Michael Newman (1939- ) has made a significant contribution to our appreciation of adult education and lifelong learning. Refreshingly, his writing has been infused by a strong social commitment, a concern to explore and develop practice, and belief in the power of theory. One of his great achievements has been a series of books that have explored the issues, opportunities and orientations of 'activist educators'.
Michael Newman is Australian and started his working life as a journalist in Sydney. In the early 1960s he left for the UK where he tried his hand at acting, writing and film-making but found himself teaching adult education classes to stay alive, then setting adult education classes up, and then working for seven years as a community education worker in inner London. Towards the end of the 1970s he was appointed Warden of the Working Men’s College, an institution set up in 1854 to provide a liberal education for working people. In the early 1980s Michael Newman was invited back to Australia to head up the Sydney Workers’ Educational Association. He left the WEA to work for four years as a trainer with the Australian Trade Union Training Authority, and in 1989 took up a post as Senior Lecturer in Adult Education in the Faculty of Education at the University of Technology, Sydney. He retired from UTS in 2001.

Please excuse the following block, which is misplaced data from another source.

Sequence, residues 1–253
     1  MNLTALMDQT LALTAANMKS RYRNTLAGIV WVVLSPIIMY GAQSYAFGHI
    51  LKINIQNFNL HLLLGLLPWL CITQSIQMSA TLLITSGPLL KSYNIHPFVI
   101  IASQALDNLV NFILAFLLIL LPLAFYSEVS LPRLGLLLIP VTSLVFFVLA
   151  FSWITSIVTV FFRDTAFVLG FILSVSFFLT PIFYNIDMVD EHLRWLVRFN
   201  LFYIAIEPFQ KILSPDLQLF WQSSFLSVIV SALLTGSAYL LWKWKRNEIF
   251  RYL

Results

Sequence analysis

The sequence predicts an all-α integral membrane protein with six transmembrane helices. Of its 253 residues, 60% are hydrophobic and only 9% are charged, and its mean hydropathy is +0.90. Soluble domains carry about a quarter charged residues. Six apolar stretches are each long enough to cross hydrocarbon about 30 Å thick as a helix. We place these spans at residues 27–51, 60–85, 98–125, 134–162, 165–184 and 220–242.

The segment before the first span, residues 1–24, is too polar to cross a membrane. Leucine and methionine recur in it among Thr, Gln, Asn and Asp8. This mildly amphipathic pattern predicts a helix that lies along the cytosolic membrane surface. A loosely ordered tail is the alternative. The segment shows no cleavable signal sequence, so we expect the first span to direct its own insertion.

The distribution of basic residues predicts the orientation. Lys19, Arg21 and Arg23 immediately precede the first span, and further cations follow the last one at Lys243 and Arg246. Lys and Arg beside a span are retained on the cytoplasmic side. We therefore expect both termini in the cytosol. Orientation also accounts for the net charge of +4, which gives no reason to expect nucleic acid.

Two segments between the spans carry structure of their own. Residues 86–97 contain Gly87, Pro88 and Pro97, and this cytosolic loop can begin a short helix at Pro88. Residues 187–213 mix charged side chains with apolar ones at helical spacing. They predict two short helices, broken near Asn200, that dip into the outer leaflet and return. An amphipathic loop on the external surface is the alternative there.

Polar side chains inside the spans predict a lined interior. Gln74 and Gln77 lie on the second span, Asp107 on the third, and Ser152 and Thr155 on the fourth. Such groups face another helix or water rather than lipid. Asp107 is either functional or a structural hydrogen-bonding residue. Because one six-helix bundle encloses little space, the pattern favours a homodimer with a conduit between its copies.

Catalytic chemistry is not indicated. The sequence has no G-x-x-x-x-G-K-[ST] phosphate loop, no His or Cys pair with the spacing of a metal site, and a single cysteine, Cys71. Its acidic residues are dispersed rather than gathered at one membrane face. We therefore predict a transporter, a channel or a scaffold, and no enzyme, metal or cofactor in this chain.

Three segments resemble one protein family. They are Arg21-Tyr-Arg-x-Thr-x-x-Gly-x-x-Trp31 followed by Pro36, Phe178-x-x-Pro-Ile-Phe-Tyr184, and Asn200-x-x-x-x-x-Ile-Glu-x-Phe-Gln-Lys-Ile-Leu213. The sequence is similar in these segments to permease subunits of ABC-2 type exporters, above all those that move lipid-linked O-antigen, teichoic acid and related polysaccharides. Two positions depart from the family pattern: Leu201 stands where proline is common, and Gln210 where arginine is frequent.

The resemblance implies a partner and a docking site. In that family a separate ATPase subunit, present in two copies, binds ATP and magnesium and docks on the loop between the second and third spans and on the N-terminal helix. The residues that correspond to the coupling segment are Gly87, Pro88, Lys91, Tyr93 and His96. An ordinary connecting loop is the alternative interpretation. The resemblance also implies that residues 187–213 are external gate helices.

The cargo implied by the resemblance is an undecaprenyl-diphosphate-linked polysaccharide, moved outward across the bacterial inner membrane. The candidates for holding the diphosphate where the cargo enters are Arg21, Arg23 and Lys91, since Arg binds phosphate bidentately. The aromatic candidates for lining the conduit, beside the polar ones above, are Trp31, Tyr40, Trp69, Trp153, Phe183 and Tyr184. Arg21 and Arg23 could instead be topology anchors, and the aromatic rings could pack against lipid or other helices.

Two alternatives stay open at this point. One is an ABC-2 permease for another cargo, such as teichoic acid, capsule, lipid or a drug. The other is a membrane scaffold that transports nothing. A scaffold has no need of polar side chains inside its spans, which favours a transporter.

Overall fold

His books include Adult Education and Community Action (1975), The Poor Cousin: A Study of Adult Education (1979), The Third Contract: Theory and practice in trade union training (1993), Defining the Enemy: Adult Education in Social Action (1994) and Maeler's Regard: Images of adult learning (1999). His most recent book is Teaching Defiance: Stories and Strategies for Activist Educators.
The Third Contract: Theory and practice in trade union training (1993) is a landmark book. It is one of the few books which both explores the nooks and crannies of trade union education and training, and sets that within the sort of theoretical framework that trade union educators might feel comfortable with (or should feel comfortable with!). As with much of Michael Newman's work, the book uses anecdote, case studies and analysis to build a picture of the field. The result is one of the most engaging and important explorations of trade union education that has been published. It rightly won the 1993 Cyril Houle Award for Outstanding Literature in Adult Education from the American Association of Adult and Continuing Education.
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How to cite this book: Newman, M. (2007) The Third Contract: Theory and practice in trade union training, www.michaelnewman.info. (Originally published 1993 by Stewart Victor Publishing).
This piece has been reproduced here on the understanding that it is not subject to any copyright restrictions, and that it is, and will remain, in the public domain. First placed in the archives: March 2007.